The last step is to decide how to trade this relationship.  You might, for example, trade the portfolio in proportion to the standardized deviation (i.e. the  size of kfAlpha(t)).  Alternatively, you might set a threshold level, say +/- 1 Sd, and trade the portfolio when  kfAlpha(t) exceeds this the threshold.   In the Matlab code below I use the particle swarm method  to maximize the likelihood.  I have found this to be more reliable than other methods.

Continue reading

Posted in Cointegration, Matlab, Statistical Arbitrage | Comments Off

Statistical Arbitrage Using the Kalman Filter

One of the challenges with the cointegration approach to statistical arbitrage which I discussed in my previous post, is that cointegration relationships are seldom static: they change quite frequently and often break down completely.  Back in 2009 I began experimenting with a more dynamic approach to pairs trading, based on the Kalman Filter.


 Rudolph Kalman, 1930 -

In its simplest form, we  model the relationship between a pair of securities in the following way:

beta(t) = beta(t-1) + w     beta(t), the unobserved state variable, that follows a random walk

Y(t) = beta(t)X(t) + v      The observed processes of stock prices Y(t) and X(t)


w ~ N(0,Q) meaning w is gaussian noise with zero mean and variance Q

v ~ N(0,R) meaning v is gaussian noise with variance R

So this is just like the usual pairs relationship Y = beta * X + v, where the typical approach is to estimate beta using least squares regression, or some kind of rolling regression (to try to take account of the fact that beta may change over time).  In this traditional framework, beta is static, or slowly changing.

In the Kalman framework, beta is itself a random process that evolves continuously over time, as a random walk.  Because it is random and contaminated by noise we cannot observe beta directly, but must infer its (changing) value from the observable stock prices X and Y. (Note: in what follows I shall use X and Y to refer to stock prices.  But you could also use log prices, or returns).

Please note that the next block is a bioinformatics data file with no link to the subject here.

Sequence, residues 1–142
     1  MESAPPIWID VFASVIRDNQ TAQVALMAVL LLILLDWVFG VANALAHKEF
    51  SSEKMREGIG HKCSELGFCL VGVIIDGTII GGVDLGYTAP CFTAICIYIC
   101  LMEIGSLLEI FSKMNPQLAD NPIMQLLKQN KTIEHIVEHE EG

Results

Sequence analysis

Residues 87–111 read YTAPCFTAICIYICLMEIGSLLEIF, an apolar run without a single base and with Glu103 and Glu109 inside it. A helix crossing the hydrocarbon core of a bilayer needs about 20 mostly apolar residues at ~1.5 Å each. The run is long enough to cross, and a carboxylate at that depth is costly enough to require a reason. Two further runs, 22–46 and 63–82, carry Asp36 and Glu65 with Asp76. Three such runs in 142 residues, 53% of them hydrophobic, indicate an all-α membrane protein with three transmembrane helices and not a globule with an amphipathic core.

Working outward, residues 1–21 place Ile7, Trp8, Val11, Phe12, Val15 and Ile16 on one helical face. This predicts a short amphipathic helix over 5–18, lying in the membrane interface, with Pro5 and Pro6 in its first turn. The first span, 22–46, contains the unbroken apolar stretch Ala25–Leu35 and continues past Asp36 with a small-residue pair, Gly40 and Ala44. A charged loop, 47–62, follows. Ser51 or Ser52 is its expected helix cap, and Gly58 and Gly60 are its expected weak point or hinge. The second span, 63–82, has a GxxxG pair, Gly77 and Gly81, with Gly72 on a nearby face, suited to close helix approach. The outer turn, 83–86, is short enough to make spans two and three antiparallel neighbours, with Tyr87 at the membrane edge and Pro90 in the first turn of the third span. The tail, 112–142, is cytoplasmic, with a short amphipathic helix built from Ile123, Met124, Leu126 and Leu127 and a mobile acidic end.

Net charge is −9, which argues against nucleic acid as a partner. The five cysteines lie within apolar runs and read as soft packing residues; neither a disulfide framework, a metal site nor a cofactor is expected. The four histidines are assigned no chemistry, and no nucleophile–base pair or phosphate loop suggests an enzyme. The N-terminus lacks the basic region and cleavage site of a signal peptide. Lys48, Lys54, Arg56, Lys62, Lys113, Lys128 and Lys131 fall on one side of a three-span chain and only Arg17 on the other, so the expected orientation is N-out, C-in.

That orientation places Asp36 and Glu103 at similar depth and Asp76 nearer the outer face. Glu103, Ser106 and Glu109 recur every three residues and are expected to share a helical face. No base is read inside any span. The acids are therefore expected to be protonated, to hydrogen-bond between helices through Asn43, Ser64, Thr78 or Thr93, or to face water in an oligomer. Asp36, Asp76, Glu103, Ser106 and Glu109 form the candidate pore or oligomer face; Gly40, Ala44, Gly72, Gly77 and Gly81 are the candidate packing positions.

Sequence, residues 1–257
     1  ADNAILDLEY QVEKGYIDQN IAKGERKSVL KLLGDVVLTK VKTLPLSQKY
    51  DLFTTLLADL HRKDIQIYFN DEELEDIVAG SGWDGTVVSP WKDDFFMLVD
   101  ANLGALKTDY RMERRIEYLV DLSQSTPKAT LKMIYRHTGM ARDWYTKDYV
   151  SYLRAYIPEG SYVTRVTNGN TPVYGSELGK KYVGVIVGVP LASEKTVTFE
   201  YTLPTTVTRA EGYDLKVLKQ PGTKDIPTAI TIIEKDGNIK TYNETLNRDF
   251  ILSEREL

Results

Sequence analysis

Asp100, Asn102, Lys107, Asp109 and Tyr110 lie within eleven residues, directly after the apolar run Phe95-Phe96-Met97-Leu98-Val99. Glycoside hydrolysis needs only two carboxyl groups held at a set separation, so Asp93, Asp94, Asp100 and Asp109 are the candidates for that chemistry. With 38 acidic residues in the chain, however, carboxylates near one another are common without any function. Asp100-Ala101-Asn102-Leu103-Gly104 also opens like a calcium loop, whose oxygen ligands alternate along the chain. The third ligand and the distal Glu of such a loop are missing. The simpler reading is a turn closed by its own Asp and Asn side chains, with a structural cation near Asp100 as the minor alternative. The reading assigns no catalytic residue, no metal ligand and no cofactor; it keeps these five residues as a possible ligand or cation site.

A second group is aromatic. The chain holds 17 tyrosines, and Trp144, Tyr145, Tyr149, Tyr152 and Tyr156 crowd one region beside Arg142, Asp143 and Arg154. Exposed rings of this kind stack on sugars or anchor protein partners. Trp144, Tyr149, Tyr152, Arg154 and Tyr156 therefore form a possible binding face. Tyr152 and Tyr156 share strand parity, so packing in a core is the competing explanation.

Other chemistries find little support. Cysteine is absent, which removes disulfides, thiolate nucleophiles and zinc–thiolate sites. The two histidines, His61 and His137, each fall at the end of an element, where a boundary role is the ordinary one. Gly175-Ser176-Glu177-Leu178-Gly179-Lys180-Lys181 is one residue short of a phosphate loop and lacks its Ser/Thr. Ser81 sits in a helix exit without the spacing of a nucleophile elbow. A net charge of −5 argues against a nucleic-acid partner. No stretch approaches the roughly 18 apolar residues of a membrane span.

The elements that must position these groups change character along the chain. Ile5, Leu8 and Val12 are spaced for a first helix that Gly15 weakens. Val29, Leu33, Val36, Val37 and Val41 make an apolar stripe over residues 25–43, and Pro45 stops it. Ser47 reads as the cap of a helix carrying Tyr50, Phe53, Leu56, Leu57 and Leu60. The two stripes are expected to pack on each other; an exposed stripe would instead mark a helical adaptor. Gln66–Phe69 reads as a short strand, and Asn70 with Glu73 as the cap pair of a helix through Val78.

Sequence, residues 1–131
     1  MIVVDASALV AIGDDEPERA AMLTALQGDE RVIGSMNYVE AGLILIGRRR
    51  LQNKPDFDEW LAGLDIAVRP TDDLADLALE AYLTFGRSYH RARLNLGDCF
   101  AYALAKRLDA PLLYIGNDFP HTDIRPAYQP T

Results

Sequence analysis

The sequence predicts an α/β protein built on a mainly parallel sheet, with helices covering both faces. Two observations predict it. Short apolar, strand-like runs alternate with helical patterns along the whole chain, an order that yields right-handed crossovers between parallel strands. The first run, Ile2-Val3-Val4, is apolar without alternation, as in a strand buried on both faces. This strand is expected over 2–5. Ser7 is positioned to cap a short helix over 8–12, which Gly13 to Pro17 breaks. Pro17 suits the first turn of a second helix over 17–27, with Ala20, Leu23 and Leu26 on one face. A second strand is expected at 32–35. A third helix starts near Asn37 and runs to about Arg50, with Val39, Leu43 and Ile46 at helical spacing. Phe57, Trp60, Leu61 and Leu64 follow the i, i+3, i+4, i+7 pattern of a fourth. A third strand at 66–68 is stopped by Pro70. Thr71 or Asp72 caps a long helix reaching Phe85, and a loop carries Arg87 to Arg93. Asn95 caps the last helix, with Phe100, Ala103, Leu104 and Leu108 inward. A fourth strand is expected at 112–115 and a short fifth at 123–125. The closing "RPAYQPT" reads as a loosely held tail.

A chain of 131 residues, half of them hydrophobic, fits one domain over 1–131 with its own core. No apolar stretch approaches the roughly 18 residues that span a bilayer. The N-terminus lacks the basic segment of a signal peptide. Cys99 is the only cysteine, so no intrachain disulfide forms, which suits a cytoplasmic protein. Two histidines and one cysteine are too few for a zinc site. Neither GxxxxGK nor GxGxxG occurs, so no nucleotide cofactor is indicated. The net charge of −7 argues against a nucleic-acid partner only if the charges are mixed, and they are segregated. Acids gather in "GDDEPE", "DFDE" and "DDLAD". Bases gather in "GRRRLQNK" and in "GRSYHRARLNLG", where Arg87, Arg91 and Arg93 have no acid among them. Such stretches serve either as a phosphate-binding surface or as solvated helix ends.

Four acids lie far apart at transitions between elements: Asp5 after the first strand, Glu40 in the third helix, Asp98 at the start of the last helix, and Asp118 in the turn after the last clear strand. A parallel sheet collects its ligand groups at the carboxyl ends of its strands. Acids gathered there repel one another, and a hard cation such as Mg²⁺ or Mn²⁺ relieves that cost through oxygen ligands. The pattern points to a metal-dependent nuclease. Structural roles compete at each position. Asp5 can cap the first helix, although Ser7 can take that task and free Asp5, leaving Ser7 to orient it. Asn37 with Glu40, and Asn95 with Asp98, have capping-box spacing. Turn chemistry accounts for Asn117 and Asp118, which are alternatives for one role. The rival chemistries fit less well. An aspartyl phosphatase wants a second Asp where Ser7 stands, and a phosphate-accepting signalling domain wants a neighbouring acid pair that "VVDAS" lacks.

Unknown to me at that time,  several other researchers were thinking along the same lines and later published their research.  One such example is Statistical Arbitrage and High-Frequency Data with an Application to Eurostoxx 50 Equities,  Rudy, Dunis, Giorgioni and Laws, 2010.  Another closely related study is  Performance Analysis of Pairs Trading Strategy Utilizing High Frequency Data with an Application to KOSPI 100 Equities, Kim, 2011.  Both research studies follow a very similar path, rejecting beta estimation using rolling regression or exponential smoothing in favor of the Kalman approach and applying a Ornstein-Uhlenbeck model to estimate the half-life of mean reversion of the pairs portfolios.  The studies report very high out-of-sample information ratios that in some cases exceed 3.

I have already made the point that such unusually high performance is typically the result of ignoring the fact that the net PnL per share may lie within the region of the average bid-offer spread, making implementation highly problematic.  In this post I want to dwell on another critical issue that is particular to the Kalman approach: the signal:noise ratio, Q/R, which expresses the ratio of the variance of the beta process to that of the price process.  (Curiously, both papers make the same mistake of labelling Q and R as standard deviations. In fact, they are variances).